When Eureka Springs alderman David Mitchell attended an Arkansas Dept. of Health (ADH) meeting in April to discuss the city’s concerns about the mandate to add fluoride to drinking water, he cited state law that fluoridation opponents insist prohibits adding lead to drinking water. Mitchell provided the board with documentation of testing done on fluoridation chemicals sold by Prayon, the Belgian company providing fluoride to Carroll Boone Water District, showing lead, arsenic, barium and other pollutants.

State law for “Approved Chemicals, Materials, Equipment, and Processes” says all products are required to be lead free as determined through Section 1417 of the Safe Drinking Water Act.

As of June 29, neither Mitchell nor the city had received response from his presentation. But in response to an email, Jeffrey Stone, P.E., director of engineering for ADH, said that law only pertains to plumbing fixtures such as pipes, not fluoridation chemicals.

“The ‘lead free’ citation you provided refers to setting maximum lead content of components of water systems including brass and bronze components such as water meters, valves, etc.,” Stone, who heads the ADH efforts to force water districts follow state mandate, wrote. “A reading of that law would be informative.”

That section of the Safe Drinking Water Act does only deal with water system components, not fluoridation chemicals.

Stone also directed the Eureka Springs Independent to a fact sheet on fluoridation chemicals provided by the National Sanitation Foundation. Drinking water additives are not regulated by the federal government. NSF is a non-government organization that says on its website it certifies millions of products. NSF said manufacturers of fluoridation chemicals are inspected and products tested once per year.

The International Journal of Occupational and Environmental Health published that contaminant levels of lead, arsenic, barium and aluminum in fluoride additives could vary widely from batch to batch. The study concluded, “Such contaminant content creates a regulatory blind spot that jeopardizes any safe use of fluoride additives.”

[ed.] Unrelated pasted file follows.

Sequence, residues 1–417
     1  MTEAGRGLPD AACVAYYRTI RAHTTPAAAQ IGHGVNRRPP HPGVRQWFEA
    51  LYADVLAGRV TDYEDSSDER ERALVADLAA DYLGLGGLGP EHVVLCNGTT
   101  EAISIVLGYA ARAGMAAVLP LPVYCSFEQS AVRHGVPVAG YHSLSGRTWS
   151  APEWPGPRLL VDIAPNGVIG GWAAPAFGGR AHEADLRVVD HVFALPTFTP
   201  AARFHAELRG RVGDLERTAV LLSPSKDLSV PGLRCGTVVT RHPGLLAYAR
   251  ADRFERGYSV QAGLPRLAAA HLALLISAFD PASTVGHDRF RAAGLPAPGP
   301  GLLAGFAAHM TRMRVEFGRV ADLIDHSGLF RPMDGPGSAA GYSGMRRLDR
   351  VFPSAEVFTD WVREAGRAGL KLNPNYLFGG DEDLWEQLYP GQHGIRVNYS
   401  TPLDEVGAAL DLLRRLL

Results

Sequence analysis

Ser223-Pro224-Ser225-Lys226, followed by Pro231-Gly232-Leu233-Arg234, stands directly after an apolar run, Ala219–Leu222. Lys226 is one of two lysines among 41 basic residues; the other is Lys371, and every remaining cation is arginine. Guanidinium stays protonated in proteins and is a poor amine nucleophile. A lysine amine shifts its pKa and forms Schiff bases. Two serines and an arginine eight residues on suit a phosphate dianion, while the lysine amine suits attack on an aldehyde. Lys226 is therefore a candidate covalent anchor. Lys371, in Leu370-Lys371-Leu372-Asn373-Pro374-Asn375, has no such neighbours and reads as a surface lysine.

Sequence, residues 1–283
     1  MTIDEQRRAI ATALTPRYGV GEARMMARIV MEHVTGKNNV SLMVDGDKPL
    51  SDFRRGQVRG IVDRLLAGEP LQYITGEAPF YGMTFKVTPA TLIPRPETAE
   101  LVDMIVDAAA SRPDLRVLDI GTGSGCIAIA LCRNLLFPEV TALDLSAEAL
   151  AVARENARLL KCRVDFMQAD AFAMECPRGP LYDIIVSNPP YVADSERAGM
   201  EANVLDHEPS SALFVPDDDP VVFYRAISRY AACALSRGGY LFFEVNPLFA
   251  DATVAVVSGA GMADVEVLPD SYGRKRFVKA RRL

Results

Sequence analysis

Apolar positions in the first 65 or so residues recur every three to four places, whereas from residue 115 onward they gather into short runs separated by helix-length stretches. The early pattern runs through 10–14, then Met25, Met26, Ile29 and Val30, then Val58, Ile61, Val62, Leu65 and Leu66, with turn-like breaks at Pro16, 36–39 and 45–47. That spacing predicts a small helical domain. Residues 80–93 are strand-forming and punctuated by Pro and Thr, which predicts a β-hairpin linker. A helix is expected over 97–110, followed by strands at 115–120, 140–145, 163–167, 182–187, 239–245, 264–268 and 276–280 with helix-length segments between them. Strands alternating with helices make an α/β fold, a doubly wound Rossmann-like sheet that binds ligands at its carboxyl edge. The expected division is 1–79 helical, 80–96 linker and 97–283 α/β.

In addition to fluoridation chemicals that contain lead, Eureka Springs has a lot of older plumbing pipes and fixtures that may contain lead. Mitchell, who only last year found a section of lead pipe at his home that he replaced, said there is concern about fluoridation chemicals leaching lead out of the pipes since the chemicals are very acidic. Mitchell said the city is planning to do lead testing several places in town to determine if lead levels increase after fluoridation begins July 15.

Crystal Harvey, a resident of Hot Springs who has been active opposing mandate fluoride in Arkansas for 25 years, said it makes no sense to add lead to drinking water.

“I say the water operators are violating federal law and ADH is telling them that it’s okay and the product is safe,” Harvey said. “The Clean Water Act prohibits anyone from discharging pollutants, including lead, through a ‘point source’ into a water of the United States unless they have a National Pollutant Discharge Elimination System (NPDES) permit.

“NPDES permits contain limits on what you can discharge, monitoring and reporting requirements, and other provisions to ensure that the discharge does not hurt water quality or people’s health. When the water operator puts the lead-contaminated fluoridation chemical in the water, is it considered discharging through a ‘point source’ according to their definition? I say yes. Do water operators have a NPDES permit to dump lead in the water? No.

“I’m not picking on water operators, but they are discharging lead in already treated drinking water,” Harvey said. “Ignorance of the law is no excuse in a court of law. Maybe if enough of them found out they are breaking a federal law, maybe they will refuse to dump it in. I don’t think that the ADH can make them break federal law.”

Whether adding lead to drinking water is legal under the CWA could hinge on the definition of “point source.” The EPA defines a point source as a stationary location or fixed facility from which pollutants are discharged or emitted or any single, identifiable discharge point of pollution, such as a pipe, ditch, or smokestack.